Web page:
She wrote that, in the course of one job interview, that woman managed to infer that she was an ‘N-word’ several times without ever saying it. The interviewer assumed that, because Donna Bailey Nurse was black, she couldn’t possibly know anything about classical music or ballet. The scientists who insist there are vast differences between the races regarding intelligence will say that people like Donna Bailey Nurse and me have benefited from growing up around the intellectually superior Asian and Caucasian people.

However, as I said before, growing up around two black parents who went to college and expected me to do the same, made a marked difference in how much I appreciated acquiring knowledge. If a person grows up in a home with a family who does not value education, that individual is more likely not to value it either, regardless of that person’s race.

In North America, black people had to fight for the right to be educated. Indigenous people were “educated” against their will. I don’t know about you, but for me, that’s reason enough for some of us not to trust the system. Then again, I was always taught by my activist parents that if I really wanted to make a change, I had to start from within. One way I have done this is by challenging preconceived notions about the person I am.

I also hold my ancestors in high regard. I come from a long line of maids, labourers, and indentured servants. They were the ones who laid the foundation that made it possible for me to attend university, and earn a living doing something other than cleaning and building things. If any of my ancestors wanted to rise above their designated station, it was a given that they had to fight an infrastructure that was hell-bent on keeping them from moving ahead.

My grandfather was one of the most intelligent people I have ever known. He had to drop out of school in fourth grade, but because he valued knowledge, he could learn new things quickly and apply them. He did more with his elementary school education than many do with university degrees. It wasn’t just what he knew that made him successful. It’s what he did with what he knew. When he died at the age of 84, he was still healthy, and he still had a sound mind because he kept learning new things.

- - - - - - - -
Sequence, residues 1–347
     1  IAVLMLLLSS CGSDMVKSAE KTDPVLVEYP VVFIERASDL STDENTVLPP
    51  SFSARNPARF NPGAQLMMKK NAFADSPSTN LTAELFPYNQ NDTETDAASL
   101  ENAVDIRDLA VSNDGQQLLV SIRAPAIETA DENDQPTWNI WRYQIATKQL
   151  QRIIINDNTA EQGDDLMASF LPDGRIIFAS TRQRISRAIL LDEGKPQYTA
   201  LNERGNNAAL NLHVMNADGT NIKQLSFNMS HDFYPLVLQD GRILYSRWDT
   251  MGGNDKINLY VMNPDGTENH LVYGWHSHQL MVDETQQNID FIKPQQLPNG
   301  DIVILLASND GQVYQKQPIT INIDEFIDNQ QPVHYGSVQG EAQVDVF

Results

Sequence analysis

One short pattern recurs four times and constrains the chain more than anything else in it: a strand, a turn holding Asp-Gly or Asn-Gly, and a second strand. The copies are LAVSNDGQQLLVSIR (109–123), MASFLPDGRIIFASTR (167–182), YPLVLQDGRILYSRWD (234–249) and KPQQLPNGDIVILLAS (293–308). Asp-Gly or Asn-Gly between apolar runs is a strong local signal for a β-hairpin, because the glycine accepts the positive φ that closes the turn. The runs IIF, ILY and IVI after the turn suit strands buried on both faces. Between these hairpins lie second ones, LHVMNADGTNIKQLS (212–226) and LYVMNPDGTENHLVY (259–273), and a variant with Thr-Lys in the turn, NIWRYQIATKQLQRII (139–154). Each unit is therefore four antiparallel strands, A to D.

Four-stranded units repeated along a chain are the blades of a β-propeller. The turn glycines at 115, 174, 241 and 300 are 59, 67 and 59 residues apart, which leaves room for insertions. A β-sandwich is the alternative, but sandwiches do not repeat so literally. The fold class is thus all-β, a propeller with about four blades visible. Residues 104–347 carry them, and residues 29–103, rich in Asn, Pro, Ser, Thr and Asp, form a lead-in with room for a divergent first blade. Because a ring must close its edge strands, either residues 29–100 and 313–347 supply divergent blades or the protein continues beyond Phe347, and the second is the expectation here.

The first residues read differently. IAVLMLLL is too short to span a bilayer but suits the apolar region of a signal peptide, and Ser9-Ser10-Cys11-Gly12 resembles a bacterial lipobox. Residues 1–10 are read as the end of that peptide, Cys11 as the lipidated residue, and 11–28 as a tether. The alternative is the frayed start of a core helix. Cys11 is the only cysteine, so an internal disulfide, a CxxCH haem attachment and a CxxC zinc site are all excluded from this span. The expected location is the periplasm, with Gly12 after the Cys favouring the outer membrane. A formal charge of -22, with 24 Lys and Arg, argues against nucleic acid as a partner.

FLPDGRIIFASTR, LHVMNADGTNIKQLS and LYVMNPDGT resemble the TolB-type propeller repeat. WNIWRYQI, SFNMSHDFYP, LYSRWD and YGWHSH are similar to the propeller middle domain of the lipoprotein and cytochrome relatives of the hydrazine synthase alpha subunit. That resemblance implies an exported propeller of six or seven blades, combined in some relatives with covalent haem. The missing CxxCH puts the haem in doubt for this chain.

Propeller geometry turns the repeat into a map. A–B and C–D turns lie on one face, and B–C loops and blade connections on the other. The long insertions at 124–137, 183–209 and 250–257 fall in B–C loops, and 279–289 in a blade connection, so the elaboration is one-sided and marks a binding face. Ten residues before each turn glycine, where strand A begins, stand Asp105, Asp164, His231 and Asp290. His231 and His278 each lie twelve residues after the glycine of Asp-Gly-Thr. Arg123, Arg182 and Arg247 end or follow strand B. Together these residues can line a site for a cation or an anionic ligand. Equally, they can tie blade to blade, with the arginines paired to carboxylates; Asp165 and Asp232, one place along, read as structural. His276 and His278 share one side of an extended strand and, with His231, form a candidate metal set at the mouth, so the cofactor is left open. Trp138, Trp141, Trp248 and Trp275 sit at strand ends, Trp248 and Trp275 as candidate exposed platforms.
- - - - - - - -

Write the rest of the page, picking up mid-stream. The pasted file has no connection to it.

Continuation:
That type of wisdom transcends race. For that matter, intelligence does too. What really shapes a person is their environment, and it would be reckless to argue differently.

I have been able to learn what I’ve learned, not because I was following the example of my white and Asian peers, but because I was following the example of my parents.

When I was in ninth grade, every student had to do a series of standardized tests to see how well our province’s educational system fared at imparting knowledge. When the results we’re returned, I found out my score was in the 90th percentile for English. Ranked among every 9th grade student in the province, I was near the top of the bell curve. When my (white) classmate found out, she shrieked, “You scored higher than me? That’s impossible!”

I just shrugged it off because all I did was provide the correct answers for most of the questions on a standardized test. Questions I would not have known the answers to if I had not read for most of my childhood with parents who respected education and supplied me with lots of reading material. Not too shabby for a black girl.

As it turns out, the intelligent race is  the human race.